In the run up to Christmas it was reported that few A&E departments in England were managing to hit targets around how long patients should wait to be seen.
It’s easy to assume that this is just down to what was historically called winter pressures. On the other hand is this the reality.
I can recall 10 years ago when I was on call at the hospital I worked at around this time of the year. Over the festive season and beyond we faced the challenge of ambulance waits, full department and delayed transfers of care.
We keep hearing about longer life expectancy and in many ways this is positive. At the same time it puts even more demand on hospitals and the NHS more generally.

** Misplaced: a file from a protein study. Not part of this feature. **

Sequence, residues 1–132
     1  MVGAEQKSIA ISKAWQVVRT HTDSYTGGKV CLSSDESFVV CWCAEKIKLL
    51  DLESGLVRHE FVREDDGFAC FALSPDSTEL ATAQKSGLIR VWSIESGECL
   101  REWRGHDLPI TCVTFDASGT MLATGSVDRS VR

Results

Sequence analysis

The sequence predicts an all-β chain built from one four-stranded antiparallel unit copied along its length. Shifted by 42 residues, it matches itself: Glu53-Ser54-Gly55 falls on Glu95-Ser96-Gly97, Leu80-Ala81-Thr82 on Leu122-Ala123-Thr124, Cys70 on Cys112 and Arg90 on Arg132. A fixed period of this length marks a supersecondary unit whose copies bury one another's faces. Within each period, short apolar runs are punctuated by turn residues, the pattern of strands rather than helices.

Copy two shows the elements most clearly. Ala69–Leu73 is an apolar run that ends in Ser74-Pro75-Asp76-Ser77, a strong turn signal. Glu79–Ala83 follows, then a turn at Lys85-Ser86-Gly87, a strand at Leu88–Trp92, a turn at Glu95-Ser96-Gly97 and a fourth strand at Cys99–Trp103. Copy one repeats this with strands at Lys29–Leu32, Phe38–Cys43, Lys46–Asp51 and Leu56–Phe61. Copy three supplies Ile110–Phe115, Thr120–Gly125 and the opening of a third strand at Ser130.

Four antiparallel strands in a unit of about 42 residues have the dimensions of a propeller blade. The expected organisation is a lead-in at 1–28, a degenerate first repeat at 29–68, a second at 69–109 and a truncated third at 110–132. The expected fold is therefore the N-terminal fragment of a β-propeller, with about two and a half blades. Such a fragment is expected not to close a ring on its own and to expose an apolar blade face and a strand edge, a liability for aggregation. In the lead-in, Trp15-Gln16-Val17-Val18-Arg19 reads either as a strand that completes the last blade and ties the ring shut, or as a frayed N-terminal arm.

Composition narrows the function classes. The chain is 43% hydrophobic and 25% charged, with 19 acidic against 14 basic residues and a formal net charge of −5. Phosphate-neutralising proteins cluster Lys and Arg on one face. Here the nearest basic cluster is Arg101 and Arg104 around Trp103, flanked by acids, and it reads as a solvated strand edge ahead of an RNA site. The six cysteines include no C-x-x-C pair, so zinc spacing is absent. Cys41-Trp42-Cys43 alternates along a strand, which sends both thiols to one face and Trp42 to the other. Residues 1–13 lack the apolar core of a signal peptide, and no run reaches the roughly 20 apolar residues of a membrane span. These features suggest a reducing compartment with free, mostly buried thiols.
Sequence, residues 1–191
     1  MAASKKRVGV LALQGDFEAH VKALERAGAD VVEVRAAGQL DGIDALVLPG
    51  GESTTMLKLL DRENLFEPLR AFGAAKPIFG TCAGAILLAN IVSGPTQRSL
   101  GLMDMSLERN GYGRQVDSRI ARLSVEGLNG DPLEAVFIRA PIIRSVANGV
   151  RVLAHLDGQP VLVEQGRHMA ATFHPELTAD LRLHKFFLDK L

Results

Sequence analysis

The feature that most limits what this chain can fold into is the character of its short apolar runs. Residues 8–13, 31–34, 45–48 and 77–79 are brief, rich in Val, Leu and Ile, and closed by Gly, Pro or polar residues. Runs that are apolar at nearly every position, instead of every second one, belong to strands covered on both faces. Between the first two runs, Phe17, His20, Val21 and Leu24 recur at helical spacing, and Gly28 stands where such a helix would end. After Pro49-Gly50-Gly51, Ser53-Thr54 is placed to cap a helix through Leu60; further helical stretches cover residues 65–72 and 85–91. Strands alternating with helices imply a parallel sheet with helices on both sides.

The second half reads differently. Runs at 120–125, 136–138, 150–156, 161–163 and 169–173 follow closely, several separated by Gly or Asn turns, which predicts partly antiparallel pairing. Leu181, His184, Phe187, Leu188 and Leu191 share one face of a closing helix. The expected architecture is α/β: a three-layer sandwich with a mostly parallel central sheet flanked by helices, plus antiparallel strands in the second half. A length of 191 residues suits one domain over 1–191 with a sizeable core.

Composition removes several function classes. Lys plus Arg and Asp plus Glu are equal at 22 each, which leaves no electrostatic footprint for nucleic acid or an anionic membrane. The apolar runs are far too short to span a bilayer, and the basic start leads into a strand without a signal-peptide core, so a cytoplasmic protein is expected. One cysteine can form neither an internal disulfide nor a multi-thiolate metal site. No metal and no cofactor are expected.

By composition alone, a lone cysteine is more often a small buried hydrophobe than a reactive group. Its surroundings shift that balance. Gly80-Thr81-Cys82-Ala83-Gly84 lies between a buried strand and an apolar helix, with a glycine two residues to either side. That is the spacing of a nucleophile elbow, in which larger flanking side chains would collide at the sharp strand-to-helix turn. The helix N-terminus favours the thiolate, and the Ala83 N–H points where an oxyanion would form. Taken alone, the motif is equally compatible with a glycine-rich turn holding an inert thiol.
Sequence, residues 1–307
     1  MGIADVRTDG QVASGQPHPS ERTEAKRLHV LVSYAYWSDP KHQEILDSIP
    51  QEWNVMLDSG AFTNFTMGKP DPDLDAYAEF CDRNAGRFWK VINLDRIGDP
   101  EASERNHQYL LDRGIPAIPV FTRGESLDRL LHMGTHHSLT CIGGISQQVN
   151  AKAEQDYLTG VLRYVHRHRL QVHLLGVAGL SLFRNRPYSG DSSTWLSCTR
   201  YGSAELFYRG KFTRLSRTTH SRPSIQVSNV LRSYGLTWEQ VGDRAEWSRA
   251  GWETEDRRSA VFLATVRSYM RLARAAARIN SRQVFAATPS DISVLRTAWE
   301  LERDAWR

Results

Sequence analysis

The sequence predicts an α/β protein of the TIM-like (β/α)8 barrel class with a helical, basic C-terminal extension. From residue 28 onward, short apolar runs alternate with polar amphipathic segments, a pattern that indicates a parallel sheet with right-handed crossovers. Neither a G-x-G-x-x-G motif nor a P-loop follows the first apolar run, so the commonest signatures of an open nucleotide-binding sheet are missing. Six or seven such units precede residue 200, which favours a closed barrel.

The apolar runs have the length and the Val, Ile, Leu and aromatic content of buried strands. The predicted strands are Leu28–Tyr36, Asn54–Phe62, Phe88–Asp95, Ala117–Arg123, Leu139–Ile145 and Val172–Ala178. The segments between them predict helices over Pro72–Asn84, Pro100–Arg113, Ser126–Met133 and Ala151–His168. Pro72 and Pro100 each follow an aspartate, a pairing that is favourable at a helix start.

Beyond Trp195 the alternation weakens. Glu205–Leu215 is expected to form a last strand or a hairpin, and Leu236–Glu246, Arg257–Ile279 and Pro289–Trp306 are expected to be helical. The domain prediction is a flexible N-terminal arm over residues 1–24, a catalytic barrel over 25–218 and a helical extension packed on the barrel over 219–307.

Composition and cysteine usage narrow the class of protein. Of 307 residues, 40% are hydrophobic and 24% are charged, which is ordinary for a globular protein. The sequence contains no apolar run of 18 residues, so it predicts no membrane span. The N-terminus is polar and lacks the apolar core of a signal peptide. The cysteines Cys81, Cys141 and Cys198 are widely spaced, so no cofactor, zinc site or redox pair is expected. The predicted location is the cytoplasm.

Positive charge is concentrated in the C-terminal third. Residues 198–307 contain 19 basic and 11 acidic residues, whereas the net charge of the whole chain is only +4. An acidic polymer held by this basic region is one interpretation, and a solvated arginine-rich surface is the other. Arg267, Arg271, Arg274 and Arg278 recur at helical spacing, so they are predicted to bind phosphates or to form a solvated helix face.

Additionally if we are encouraging people to live healthy lifestyles, it means that people are more likely to access services.
So is it time to stop assuming that pressures on emergency care are short term and in reality requires a different approach?
Short term additional funding helps to an extent when it comes to staffing. However, unless you can create additional capacity and reduce the level of blocked beds (those where the patient is clinically fit to leave hospital but needs support to go home) it is not going to make a significant difference.
Let’s not pretend that there is any quick fix and start to see what best can be done to provide a sustainable longer term solution to what without doubt is no longer a short term problem.
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